Golisano Children’s Hospital hosts ceremonial groundbreaking for expansion
The Golisano Children’s Hospital of Southwest Florida is ready to expand.
Since opening in 1994 it has grown into the only facility for children between Miami and Tampa Bay, with the highest survival rate among Neonatal Intensive Care Units in the state.
Last year, hospital officials developed a seven-story expansion of the children’s hospital that would increase the number of beds from 98 to 128, expand specialty services and provide more room for staff and families.
Jim Nathan, president of the Lee Memorial Health System, said the goal of the children’s hospital has always been to keep children with complex healthcare needs as close to home as possible.
But, as the community has grown, so has the need to expand the current facility.
“A few years ago it became quite evident that the facilities’ challenges were such that significant space would need to be added to keep up with both our communities’ growth and also the fact that many children with medical challenges now require multi-year, complex interventions,” said Nathan.
The Lee Memorial Foundation, the fund-raising entity of the hospital system, started a $100 million capital campaign to help pay for the $200 million project. Organizations and philanthropists across Southwest Florida raised money for the campaign and Nathan announced on Tuesday night that the foundation had met $80 million of its goal.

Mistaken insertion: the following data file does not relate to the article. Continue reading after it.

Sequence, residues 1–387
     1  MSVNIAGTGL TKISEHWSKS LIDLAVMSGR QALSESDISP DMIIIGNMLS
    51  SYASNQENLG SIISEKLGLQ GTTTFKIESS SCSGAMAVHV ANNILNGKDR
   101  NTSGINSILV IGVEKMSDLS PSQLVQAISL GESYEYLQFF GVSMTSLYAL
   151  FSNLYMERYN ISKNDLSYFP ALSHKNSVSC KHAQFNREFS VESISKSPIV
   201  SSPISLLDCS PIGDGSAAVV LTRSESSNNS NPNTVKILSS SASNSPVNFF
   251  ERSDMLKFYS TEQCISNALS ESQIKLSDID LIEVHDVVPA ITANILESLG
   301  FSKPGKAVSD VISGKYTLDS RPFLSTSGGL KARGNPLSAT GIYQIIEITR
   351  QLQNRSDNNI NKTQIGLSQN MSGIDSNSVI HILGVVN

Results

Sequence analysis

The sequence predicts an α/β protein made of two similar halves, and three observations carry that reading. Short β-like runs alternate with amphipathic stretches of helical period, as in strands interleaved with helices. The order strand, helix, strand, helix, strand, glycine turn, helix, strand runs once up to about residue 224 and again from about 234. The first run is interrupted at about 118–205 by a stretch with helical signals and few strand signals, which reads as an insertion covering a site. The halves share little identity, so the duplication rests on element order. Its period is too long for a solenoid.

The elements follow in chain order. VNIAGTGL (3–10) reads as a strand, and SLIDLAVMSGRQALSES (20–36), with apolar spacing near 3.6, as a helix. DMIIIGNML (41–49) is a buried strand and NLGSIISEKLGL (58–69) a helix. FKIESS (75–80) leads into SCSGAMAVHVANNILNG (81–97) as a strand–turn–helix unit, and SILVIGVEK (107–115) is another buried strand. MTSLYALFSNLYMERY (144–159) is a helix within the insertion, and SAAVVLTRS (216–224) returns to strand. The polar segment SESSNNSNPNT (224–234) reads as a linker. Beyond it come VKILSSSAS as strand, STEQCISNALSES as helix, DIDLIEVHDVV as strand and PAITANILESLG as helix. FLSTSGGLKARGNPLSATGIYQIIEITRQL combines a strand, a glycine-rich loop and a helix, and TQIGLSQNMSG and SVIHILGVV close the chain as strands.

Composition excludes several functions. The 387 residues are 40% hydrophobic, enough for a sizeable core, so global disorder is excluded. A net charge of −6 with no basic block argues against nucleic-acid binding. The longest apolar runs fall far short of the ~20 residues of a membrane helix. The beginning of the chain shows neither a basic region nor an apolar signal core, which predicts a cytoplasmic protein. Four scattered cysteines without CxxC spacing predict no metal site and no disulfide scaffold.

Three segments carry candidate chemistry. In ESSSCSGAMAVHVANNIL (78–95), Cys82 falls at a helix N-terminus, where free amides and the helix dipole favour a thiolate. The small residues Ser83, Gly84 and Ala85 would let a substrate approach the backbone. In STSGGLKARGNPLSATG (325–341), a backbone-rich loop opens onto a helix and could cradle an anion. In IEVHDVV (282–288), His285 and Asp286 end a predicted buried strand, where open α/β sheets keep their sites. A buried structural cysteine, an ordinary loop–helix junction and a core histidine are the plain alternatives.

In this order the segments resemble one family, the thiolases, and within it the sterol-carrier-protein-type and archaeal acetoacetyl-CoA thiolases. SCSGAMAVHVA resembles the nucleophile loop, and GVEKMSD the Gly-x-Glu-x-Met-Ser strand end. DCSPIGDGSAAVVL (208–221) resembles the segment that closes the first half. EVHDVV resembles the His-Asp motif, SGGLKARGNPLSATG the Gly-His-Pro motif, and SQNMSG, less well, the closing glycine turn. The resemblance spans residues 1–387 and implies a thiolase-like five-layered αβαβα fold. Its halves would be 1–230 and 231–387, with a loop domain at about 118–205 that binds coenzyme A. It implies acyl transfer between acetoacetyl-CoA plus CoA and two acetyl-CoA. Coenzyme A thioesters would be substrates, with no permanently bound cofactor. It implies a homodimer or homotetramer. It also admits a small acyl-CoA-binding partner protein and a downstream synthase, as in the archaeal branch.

Naples-based philanthropist B. Thomas Golisano, the inventor of Paychex Inc., agreed to match all contributions to the capital campaign up to $20 million.
“When I announced my commitment in 2012 I hoped it would leverage support from everyone in the community, that it would motivate everyone to contribute in a meaningful way to this important endeavor,” said Golisano. “Now that this challenge has been met, we took a major step closer in opening this state-of-the-art facility.”
Every year there are 5,000 in-patient visits to the hospital, 4,000 outpatient visits and 28,000 pediatric emergency visits. In the past, sick children were sent to other facilities across the state.
Richard Akin, chairman of the Lee Memorial Health System Board of Directors, said keeping sick children near their families promotes healing.
“I saw kids hospitalized for days or even weeks where they never got to see their family,” he said. “It was because parents couldn’t miss work or maybe they didn’t have parents, but those kids were basically stranded on the east coast, in the hospital, sick and didn’t even see their family.”
The new facility will also provide accommodations for parents and caregivers to stay with children 24 hours a day, utilize technology for a dedicated pediatric medical staff, and offer more treatments and procedures.
Hospital officials hosted a ceremonial groundbreaking Tuesday night but the ribbon-cutting on the new facility won’t be until 2017. Donations are still being accepted to raise an additional $20 million.
For more information or how to donate, visit childrenshospitalgoal.org.